Details of the birds trapped and ringed at Vilamoura last month by Colin McShane's group from the UK are now presented on the website of Brewood Ringers. The total number of birds ringed was more than 1200, a similar total to the last two years, although year on year comparisons are made less meaningful by the variation in ringing effort (i.e. the number of nets used) and by the slight changes in the timing of their visits. This year they were here for a week from 30th September, whereas last year their week was from 14th October and this will no doubt account at least in part for the difference in, for example, the numbers of Blackcaps (258 in 2008, 44 this year) and Willow Warblers (19 in 2008, 116 this year) that were trapped .
Colin's report again emphasises the importance of the Parque Ambiental for migrant and wintering birds from Northern Europe. There were recoveries this year of Reed Warblers that had been ringed in Holland, Bluethroats from Holland and Belgium and a Chiffchaff from the Channel Island of Jersey. In previous years they have trapped Reed Warblers, Blackcaps and a Bluethroat that had been ringed in France, Germany and the UK and these are just a tiny sample of the thousands of birds that rely on this site every year. Vilamoura's extensive reedbeds are also recognised as an important breeding area for species such as Little Bittern, Purple Heron and Purple Swamp-hen.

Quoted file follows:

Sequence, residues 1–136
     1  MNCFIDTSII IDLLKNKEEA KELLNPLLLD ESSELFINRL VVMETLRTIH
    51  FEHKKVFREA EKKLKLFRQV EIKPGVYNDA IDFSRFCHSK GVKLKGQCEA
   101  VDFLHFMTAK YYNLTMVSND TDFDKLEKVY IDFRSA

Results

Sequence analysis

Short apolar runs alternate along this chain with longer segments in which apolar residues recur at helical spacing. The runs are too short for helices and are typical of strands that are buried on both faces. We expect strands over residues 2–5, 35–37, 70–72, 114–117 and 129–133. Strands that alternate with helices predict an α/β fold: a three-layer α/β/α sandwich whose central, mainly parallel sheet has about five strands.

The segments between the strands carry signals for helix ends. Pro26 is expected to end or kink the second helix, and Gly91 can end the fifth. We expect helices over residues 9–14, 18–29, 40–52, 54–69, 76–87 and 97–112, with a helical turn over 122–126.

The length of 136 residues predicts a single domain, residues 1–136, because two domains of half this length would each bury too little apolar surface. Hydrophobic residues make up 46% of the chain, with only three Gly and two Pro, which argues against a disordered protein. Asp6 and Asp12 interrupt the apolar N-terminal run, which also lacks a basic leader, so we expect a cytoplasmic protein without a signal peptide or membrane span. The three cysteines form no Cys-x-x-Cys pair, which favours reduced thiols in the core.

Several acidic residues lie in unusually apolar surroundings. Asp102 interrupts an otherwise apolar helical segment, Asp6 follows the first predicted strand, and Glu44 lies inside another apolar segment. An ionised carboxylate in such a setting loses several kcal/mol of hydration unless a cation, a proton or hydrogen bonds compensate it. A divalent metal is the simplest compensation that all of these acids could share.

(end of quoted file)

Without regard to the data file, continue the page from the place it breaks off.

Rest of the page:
Unfortunately, all this is now under threat from further huge tourist development. Environmental group Almargem (Association for the Defence of the Algarve’s Cultural and Environmental Heritage) are threatening to submit an official complaint to the European Courts should the country's new Environment Minister approve the construction of a proposed project in Vilamoura named ‘Lacustre City’. While Almargem hopes that the arrival of the new Environment Minister will result in a re-evaluation of the project’s Environmental Impact Assessment, it has warned that failure to do so could ultimately result in legal action against the Government. Like several other sites in the Algarve, what little is left of Vilamoura's wildlife habitat should long ago have been designated a Special Protection Area under the EU Wild Birds Directive. It would be a tragedy to see it buried by yet more hotels and tourist resorts but based on what has gone before, we can't be optimistic.
It's ironic that this week the Algarve Tourism Board has announced its plan to promote the area as a birdwatching destination!
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